Washed-Rind Cheeses include Raclette, Morbier, Epoisses, Taleggio, Pont l’Eveque, Livarot, Le Timanoix, Abondance, Bel Gioioso Italico, Winey Goat and Roth Kase Raclette.

Blue Cheeses: These cheeses have distinctive blue or green veining which is created by injecting penicillium roqueforti mold. This mold adds an easily recognized flavor that ranges from mild to bold and pungent. In Italy these cheeses are called “Gorgonzola”, in France “Bleu” or Roquefort – a protected name and style and in Britain and the US “Blue”.

In this category are Rogue River Blue, Bleu D’Auvergne, Forme d’Ambert, Maytag and Black River Gorgonzola.

Hard/Firm Cheeses: This is a broad category that covers cheeses that may be elastic at room temperature or are hard enough to grate like a Parmesan. Most of the Beemster Premium Goudas fall into this category as do most Cheddars, Swiss-style and Gruyere-style cheeses.

Specific cheeses in the hard category include Beecher’s Flagship Reserve, Comte, Rembrandt Gouda, Parrano, Piave, Grana PadanoParmigiano-Reggiano, Manchego, Idiazabal, Roth Kase Grand Kru, Emmenthal, Tillamook 2-Year Vintage White Extra Sharp Cheddar,  Beemster XO and Beemster Vlaskaas.

Natural Rind Cheeses: These are cheeses that develop a natural rind during the aging process without the addition of molds and without washing of the rind. Because they age over several weeks, many of these cheeses are made using raw milk. Many “Tomme” style cheese including Tomme de Savoie are in this category. The rind is usually edible but not necessarily tasty and is often gritty – try a nibble before going full steam ahead with the rind.

Other cheeses in this category include Mimolette, Cantalet, Brillat Savarin, Garroxta, English Stilton (also a blue), Shropshire Blue (another blue), Testun and St. Nectaire.

Spun Cheeses: Often called “Pasta Filata”; these cheeses are usually Italian in origin. As the name says, they are cooked and then kneaded (spun). They can be fresh or very hard grating cheeses depending on the producer. The cooking occurs when the curd is exposed to warm water which in turn makes the curd silky and elastic. The softer cheeses are then brined and the harder cheeses are air-dried.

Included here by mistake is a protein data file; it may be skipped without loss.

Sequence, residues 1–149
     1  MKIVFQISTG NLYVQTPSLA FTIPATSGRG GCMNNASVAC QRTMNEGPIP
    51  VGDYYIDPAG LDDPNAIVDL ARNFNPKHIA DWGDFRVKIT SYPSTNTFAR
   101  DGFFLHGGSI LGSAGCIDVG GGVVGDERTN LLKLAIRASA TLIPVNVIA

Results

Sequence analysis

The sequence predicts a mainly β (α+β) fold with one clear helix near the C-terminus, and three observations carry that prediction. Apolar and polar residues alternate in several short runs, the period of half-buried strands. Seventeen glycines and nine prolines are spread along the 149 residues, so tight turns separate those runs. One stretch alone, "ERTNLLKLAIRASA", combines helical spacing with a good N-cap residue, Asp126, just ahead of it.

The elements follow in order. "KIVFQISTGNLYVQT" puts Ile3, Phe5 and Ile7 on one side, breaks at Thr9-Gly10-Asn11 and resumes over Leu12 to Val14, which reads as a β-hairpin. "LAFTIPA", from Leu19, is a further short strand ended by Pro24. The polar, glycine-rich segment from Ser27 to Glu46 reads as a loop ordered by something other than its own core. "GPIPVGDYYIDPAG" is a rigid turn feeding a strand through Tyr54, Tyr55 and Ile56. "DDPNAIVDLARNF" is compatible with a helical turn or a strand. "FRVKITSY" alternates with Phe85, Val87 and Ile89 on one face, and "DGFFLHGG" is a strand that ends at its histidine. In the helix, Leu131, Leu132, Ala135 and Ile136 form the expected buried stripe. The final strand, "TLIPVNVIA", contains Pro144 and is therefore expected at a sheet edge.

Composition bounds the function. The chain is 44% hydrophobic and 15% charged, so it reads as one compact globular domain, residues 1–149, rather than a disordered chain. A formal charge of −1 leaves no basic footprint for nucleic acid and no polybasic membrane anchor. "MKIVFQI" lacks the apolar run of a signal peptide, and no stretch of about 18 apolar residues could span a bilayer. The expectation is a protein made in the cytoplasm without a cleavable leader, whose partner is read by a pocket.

This category includes BelGioioso Burrata, Mozzarella and Scamorza which all have a high moisture content and BelGioiosos Provolone and Caciocovallo with lower moisture content.

(There is a ninth category sometimes included in a list of cheeses but since your humble feline foodie does not consider it cheese, I refuse to really include it here: processed cheese such as Velveeta, “American Cheese” and other cheeses that can withstand a nuclear war…)

Up Next: Cheese 101: What is a Cheesemonger and other Cheese Vocations


7 Responses to “Cheese 101: The Eight Faces of Cheese”

  1. Mike Says:

    Wow! Who knew? Very interesting. I had no idea of the different types.

  2. Pete Says:

    I did not know that.

  3. Social comments and analytics for this post…

    This post was mentioned on Twitter by FelineFoodie: NEW POST: Cheese 101: Cheese Basics That Will Mkae You an Expert: First up: The 8 Faces of Cheese: #Cheese #fbz #pdx…

  4. Gary Says:

    Does String Cheese fall into the fresh cheese category?

  5. Wow!I love cheese but haven’t really thought about these categories.I really enjoy reading through your post!I’d love to guide our readers to your site if you won’t mind.Just add your choice of foodista widget to this post and it’s all set, Thanks!

  6. […] where fresh mozzarella, including Burrata, and provolone were being made. Because they both are Pasta Filata style cheeses, their productions are […]

  7. […] For more information regarding the types of cheese made, please check out Cheese 101: The Eight Faces of Cheese. […]